Something else we found was that a lot of top investors bet heavily on sameness. In part, this is reversion to the mean. But actually the concept is much larger than that. Buffett has a great quote about how, in baseball, no one thinks a .200 hitter will suddenly become a .300 hitter, but in business people believe that all the time. What he's referring to is betting on something's fixed character rather than against it. So often in investing, an investment's success thesis requires a tiger to change its stripes and for a company to sustain boom-time economics that are flat-out counter to its history. What you really want is to find high-percentage situations that offer high payoffs. These are rare, which is why so many great investors ran extremely concentrated portfolios.
Q: How did you collect the track record information? How do you think about the accuracy and also the limitations of this information?
I got the information from articles, online sources and often from the funds themselves. I think the track records are pretty accurate. I tried to use only reputable sources (e.g. Barron's, Graham and Doddsville, the fund's audited returns). The returns are generally net of fees, except where I indicate gross returns or alpha in the data table.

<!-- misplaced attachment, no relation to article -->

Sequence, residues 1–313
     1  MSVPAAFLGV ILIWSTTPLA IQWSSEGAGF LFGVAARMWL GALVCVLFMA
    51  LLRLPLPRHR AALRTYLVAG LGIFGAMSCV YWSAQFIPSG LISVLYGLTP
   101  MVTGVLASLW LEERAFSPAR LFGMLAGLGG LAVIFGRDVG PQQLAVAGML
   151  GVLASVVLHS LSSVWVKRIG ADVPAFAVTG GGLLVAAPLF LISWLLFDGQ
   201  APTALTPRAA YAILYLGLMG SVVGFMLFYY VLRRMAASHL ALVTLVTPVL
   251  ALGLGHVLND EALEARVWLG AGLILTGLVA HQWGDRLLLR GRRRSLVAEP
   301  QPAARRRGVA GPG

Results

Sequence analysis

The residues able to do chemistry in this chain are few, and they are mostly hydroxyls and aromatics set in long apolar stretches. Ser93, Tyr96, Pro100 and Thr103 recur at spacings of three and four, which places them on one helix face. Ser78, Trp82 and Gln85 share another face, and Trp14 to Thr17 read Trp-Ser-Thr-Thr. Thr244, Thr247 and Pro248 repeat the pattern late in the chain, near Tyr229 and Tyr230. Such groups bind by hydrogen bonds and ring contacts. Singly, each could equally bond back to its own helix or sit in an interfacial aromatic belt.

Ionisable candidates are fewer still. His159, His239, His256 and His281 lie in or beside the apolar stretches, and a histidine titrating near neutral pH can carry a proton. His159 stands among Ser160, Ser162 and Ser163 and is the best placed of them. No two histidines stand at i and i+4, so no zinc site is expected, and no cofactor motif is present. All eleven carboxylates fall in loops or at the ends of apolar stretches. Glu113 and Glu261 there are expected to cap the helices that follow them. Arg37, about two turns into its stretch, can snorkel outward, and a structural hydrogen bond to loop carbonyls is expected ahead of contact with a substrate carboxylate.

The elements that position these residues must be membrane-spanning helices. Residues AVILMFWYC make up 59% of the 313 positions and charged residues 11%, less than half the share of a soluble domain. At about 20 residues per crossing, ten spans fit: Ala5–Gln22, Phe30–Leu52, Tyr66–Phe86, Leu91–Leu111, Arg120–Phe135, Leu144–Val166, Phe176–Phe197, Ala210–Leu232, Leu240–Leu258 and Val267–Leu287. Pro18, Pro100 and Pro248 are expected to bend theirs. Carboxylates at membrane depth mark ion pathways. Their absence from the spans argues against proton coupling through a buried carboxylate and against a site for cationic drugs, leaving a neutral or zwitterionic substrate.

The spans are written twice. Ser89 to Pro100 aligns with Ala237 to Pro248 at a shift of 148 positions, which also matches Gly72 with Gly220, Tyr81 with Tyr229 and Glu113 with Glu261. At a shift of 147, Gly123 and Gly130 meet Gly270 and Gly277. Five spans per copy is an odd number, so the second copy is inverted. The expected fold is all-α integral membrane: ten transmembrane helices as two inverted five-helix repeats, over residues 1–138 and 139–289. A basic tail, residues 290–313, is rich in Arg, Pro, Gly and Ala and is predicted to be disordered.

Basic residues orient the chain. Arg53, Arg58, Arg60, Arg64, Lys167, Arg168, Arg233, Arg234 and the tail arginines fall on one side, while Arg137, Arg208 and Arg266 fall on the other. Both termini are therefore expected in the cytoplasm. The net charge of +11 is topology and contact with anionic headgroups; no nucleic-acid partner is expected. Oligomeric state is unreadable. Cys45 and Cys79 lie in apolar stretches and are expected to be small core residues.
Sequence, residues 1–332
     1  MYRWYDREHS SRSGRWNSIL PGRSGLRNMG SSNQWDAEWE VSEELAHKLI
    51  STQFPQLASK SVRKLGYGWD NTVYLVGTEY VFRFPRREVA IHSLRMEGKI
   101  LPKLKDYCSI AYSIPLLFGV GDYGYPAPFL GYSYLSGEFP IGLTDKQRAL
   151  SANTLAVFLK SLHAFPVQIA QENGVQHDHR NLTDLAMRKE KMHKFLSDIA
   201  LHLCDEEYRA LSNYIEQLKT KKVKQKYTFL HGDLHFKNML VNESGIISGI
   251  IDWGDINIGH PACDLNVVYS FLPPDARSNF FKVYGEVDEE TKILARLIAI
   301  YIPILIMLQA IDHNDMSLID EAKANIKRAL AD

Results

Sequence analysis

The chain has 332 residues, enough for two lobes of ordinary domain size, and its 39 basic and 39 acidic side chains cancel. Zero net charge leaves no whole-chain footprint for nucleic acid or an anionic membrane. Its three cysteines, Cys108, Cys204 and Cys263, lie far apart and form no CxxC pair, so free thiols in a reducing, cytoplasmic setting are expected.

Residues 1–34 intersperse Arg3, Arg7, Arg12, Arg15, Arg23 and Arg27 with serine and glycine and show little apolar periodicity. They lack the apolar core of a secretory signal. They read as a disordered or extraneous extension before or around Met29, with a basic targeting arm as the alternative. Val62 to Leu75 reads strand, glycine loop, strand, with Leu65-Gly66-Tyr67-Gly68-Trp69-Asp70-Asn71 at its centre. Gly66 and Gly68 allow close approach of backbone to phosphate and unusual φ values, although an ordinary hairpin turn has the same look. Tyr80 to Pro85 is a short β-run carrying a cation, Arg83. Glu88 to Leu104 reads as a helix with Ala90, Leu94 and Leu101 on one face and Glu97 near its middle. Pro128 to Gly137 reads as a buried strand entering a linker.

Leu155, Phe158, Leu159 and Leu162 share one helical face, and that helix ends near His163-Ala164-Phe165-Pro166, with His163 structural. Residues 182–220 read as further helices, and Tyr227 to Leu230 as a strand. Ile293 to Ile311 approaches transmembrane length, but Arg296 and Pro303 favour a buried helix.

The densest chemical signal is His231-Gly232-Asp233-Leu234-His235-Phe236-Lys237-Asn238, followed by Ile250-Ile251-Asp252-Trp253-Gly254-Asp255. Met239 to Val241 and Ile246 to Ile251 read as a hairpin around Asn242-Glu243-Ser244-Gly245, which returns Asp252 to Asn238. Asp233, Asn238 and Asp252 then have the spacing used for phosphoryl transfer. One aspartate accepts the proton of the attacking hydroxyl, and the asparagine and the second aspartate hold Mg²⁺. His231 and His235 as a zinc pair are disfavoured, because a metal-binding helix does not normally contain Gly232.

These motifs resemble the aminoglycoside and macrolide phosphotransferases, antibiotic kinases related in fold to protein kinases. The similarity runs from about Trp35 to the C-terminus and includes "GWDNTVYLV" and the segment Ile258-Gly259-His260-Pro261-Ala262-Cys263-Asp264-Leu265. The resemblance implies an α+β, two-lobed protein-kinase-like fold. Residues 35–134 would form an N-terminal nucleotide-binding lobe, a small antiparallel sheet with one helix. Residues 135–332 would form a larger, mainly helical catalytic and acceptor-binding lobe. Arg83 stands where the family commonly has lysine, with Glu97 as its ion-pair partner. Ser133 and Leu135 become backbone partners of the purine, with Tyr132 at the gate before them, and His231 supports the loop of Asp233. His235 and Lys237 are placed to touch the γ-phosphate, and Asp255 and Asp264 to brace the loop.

Q: How did this exercise affect how you think about your own investment approach?
It completely changed my life as an investor. Without it, I would have been limited to my own narrow personal experience. But by studying others and by studying history, you're able to learn vicariously. It's almost a form of leverage. And hopefully you're able to get a sense of what's worked over time and what's failed. That's really the only ground to stand on in this great game of ours.
What's interesting is how few people do that. So many of the great investors we researched were obsessed with financial history. In fact, I've never come across anyone as obsessed as many of them were. They were almost like the vampires you see in a movie that's 200 years old and has seen it all before. Another analogy would be poker players playing over and over and developing their pattern recognition. By contrast, most investors are focused on the merits of the specific investment in front of them. And they're focused on the world as it exists today. But the problem is that the world as it exists today is just a drop in a giant ocean.
Q: Tell me about your firm - what do you invest in and what is next on your plate?
We run two strategies. One is a quantitative deep value strategy, which buys stocks in the cheapest decile of the market. The other is a strategy that we created based on our study of great investors. That strategy invests only in firms with strong market share which are "inevitables" in the sense that they're likely to survive for a long, long time. Basically we want to go around the world buying a country's crown jewel assets at once-a-decade valuations when everyone else has either given up or never been that interested in the first place. We try very hard to marry high payoffs with high-percentage businesses.
In terms of what's next, I'm starting a podcast about life and markets and looking forward to getting that launched.